Several of her own MPs questioned her reluctance to guarantee benefits rise in line with inflation, her commitment to overseas aid, social care, and health service budgets, and her eagerness to restart fracking.
Having suggested earlier in the week that state pension levels might be hit by spending cuts (and facing outrage as to ‘millions facing pain’ from that morning’s Daily Mail), she then assured parliament that they wouldn’t be. As the BBC pointed out, she had ‘now about-turned again, back to where she was originally’.
Yet, even as she was addressing the Commons, the media were reporting that one of her senior advisors had been suspended, pending an investigation by Whitehall’s Propriety and Ethics Team.
Shortly afterward, a backbencher from Manchester – the chair of the parliamentary committee that oversees Public Administration and Constitutional Affairs – became the seventh Tory MP to publicly call for Liz Truss to go.
This was followed, later on Wednesday, by the resignation of the Home Secretary, following what the press described as a ninety-minute shouting match with her boss. That was half of the holders of the four great offices of state gone in less than seven weeks since the start of the administration, or two in five days.
The Home Secretary resigned on something of a technical pretext, citing a communications protocol mistake she had made, but her devastating resignation letter raised concerns as to the direction of the government and the need for politicians to take responsibility for their actions.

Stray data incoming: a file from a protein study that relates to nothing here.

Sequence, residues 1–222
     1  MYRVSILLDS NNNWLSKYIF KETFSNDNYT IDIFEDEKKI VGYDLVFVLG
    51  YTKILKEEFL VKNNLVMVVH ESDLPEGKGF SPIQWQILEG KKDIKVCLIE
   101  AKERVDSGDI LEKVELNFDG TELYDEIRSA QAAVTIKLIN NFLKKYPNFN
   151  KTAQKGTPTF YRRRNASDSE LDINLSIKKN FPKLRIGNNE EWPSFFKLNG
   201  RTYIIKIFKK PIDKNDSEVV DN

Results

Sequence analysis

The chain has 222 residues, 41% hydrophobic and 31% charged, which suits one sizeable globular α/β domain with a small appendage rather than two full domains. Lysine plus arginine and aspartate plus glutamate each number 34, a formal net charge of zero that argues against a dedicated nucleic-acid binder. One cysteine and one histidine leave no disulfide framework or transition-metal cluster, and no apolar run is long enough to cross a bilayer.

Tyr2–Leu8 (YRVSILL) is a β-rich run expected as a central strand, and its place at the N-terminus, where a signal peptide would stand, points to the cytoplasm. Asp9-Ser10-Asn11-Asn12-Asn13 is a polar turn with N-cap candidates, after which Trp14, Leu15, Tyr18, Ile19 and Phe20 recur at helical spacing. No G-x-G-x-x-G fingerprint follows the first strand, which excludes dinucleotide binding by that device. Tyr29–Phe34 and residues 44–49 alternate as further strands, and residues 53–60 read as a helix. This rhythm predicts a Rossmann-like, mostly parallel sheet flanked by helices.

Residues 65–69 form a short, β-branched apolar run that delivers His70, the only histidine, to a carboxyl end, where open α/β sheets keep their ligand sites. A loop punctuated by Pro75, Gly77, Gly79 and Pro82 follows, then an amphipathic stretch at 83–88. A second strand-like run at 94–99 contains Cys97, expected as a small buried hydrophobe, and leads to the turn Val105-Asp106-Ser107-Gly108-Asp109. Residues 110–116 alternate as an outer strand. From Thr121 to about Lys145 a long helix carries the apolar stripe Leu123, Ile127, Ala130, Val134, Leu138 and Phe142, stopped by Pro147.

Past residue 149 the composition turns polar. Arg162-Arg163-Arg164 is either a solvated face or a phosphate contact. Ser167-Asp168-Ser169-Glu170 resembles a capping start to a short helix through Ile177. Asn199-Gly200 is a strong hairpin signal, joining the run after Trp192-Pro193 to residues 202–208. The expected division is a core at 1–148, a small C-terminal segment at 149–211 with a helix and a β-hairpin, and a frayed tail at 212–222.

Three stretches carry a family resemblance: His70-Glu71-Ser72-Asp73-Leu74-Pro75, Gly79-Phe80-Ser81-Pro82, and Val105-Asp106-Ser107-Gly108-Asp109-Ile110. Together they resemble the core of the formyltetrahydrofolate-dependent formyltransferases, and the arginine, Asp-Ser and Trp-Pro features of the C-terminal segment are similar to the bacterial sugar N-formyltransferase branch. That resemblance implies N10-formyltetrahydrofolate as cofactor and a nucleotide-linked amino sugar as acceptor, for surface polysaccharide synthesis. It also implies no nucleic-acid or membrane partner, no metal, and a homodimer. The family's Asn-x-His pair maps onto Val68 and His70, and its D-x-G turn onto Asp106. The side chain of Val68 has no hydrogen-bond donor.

Her replacement was a man who had a few days earlier been lobbying colleagues to abandon the Prime Minister, and who, in his previous role as Transport Secretary, had presided over pandemonium by land, air, and sea. This government had reached the dregs of political life. The bottom of the barrel had been well and truly scraped.
But that wasn’t the end of Wednesday’s drama. That evening, amidst a cascade of mixed messages from the government, the House of Commons descended into chaos, with allegations of verbal and physical intimidation being applied to force MPs to toe the party line in a vote on fracking. Ms. Truss herself was seen running after the Conservatives’ Chief Whip – the person in charge of discipline in the parliamentary party – who was threatening to quit.
The Chair of the Committee on Standards and Privileges condemned these scenes, adding that this was ‘not how we are supposed to do our business – this is not the Italian parliament!’